If you watched the Master's golf tournament today, you may have seen Phil Mickelson lose the tournament on the 4th hole. He hit a bad shot off the 4th tee that landed in a jungle to the left of the grandstand. At this point, he could have taken a definite loss and returned to the tee. However, he chose not to do this.
I have to ask myself, as one who studies behavioral finance, whether he suffered from both loss aversion and sunken cost fallacy as he decided not to do that.
Loss aversion refers to our tendency to risk more rather than take a sure loss, which is a painful experience. Investors who sell their winners and hang on to their losers are illustrating this point. Returning to the tee meant the penalty stroke and the third shot taken at that point and a clear loss.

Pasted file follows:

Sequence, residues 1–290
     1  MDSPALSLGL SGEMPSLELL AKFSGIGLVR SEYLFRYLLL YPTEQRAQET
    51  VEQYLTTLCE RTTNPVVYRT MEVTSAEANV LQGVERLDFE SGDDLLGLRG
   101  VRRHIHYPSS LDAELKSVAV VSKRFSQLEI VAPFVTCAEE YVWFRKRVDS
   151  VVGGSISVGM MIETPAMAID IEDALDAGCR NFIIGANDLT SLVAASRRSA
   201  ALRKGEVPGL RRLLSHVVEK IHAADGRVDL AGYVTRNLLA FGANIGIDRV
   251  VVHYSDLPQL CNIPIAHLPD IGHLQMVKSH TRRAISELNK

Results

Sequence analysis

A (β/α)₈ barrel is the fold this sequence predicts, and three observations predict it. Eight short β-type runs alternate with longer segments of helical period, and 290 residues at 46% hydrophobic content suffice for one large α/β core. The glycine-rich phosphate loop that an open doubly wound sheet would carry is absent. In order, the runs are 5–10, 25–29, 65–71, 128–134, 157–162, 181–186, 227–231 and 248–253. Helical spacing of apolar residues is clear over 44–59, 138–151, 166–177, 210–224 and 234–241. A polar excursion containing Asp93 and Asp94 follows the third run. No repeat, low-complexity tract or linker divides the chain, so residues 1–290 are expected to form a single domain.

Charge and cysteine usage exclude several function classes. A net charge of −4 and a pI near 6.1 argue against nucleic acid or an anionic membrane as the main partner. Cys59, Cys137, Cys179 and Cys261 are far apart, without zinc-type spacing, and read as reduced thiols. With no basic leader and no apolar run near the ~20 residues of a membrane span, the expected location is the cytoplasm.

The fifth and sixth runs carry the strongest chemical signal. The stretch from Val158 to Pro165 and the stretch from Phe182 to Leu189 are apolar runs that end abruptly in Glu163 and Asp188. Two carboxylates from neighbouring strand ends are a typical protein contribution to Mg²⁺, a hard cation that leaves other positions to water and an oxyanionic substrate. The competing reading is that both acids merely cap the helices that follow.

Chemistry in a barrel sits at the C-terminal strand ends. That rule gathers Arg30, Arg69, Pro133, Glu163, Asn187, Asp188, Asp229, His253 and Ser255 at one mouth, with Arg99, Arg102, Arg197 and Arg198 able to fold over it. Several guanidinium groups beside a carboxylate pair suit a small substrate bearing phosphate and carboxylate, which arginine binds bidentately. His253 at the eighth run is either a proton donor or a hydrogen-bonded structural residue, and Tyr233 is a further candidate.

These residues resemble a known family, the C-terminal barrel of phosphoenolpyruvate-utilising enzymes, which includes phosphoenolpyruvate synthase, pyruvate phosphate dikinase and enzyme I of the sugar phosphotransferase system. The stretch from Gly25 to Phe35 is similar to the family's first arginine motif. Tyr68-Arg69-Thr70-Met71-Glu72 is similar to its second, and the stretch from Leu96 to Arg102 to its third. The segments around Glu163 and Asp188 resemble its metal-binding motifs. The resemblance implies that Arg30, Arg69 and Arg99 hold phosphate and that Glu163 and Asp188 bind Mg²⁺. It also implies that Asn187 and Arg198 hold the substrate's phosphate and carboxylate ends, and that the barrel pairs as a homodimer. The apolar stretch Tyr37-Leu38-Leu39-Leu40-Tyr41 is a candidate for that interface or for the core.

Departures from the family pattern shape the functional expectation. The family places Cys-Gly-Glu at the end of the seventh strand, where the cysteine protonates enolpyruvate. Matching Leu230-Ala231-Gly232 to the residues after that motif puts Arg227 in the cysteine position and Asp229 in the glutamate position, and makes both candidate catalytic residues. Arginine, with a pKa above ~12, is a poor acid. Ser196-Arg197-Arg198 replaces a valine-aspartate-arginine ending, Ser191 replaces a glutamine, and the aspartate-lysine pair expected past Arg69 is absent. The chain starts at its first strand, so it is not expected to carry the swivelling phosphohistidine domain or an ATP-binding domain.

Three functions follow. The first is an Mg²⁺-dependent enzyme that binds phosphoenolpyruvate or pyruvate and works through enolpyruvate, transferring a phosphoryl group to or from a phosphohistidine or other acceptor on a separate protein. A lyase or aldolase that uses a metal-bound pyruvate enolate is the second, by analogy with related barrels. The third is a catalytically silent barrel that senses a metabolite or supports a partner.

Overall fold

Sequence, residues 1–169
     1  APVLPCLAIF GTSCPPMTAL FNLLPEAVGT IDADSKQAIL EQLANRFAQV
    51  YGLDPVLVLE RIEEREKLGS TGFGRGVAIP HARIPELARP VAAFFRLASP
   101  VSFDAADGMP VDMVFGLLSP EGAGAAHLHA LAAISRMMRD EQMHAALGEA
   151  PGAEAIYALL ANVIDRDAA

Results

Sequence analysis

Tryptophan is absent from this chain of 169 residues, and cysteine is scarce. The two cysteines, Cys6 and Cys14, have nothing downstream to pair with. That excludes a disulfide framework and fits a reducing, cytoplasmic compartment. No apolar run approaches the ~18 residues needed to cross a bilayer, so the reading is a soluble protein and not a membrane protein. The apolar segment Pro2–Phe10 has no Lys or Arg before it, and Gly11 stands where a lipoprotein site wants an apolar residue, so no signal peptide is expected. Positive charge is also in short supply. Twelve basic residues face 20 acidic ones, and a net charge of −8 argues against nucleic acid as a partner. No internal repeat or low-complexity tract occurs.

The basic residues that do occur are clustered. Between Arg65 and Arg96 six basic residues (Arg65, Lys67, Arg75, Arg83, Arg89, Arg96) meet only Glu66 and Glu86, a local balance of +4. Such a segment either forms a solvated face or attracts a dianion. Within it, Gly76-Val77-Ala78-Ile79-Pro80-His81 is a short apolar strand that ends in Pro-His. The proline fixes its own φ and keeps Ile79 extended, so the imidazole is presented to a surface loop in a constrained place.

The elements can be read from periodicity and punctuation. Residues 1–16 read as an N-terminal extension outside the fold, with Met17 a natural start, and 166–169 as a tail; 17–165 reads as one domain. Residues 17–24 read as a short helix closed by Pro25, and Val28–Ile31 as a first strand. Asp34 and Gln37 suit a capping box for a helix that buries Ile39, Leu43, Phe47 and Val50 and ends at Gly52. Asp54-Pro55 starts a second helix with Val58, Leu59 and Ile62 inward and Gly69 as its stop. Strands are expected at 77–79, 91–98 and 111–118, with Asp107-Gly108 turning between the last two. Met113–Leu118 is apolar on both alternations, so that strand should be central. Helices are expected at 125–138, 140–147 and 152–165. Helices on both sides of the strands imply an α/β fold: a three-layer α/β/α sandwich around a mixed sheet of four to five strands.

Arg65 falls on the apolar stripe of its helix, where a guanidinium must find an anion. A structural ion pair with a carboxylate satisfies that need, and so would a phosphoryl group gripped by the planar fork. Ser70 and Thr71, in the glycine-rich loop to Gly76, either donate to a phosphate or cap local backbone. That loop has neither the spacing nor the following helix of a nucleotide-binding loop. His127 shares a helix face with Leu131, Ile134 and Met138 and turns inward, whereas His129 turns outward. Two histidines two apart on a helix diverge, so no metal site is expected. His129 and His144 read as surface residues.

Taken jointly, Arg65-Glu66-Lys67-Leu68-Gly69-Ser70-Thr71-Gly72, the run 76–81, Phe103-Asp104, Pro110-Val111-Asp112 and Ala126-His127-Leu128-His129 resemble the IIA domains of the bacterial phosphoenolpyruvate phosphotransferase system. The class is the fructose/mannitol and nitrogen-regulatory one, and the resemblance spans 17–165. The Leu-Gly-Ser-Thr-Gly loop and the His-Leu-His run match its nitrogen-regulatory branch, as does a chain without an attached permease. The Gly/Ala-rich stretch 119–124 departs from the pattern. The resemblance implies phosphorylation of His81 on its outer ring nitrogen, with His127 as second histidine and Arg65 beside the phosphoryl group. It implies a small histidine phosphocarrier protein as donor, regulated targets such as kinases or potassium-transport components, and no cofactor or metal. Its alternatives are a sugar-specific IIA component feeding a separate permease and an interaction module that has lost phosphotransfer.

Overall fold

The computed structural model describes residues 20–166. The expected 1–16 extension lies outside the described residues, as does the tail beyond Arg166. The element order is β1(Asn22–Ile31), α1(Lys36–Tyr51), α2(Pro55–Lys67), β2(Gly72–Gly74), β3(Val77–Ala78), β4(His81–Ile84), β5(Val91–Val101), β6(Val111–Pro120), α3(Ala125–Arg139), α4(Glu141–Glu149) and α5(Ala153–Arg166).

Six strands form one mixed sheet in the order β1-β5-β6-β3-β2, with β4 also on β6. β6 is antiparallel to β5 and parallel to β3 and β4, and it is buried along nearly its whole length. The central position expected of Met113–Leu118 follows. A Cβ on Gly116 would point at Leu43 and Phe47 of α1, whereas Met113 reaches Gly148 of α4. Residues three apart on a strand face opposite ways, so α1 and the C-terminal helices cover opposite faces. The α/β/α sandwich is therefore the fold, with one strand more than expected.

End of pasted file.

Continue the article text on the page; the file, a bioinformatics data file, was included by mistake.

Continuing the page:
In an interview, Mickelson revealed that his strategy was to stay left and that he decided not to take the penalty stroke fbecause he was concerned that, if he re-hit from the tee, he might not be able to keep it left. He wanted to stay left, even if he was in a bamboo jungle and would have to hit it out right-handed. Phil is left-handed. Then, disaster struck.
Mickelson hit a bystander, almost hit himself, and ended up taking two shots to land just out of the bamboo in another bad location.
He then hit another bad shot into the bunker.
So far, we are talking four bad shots to keep to the staying-left strategy.
Is this an example of the sunken cost fallacy? A sunken cost fallacy means that we will not change our strategies because we are already committed to the course of action in which we have invested so much. Investors can do this by "throwing good money after bad" when they cannot correct the original mistake because they have put so much into it.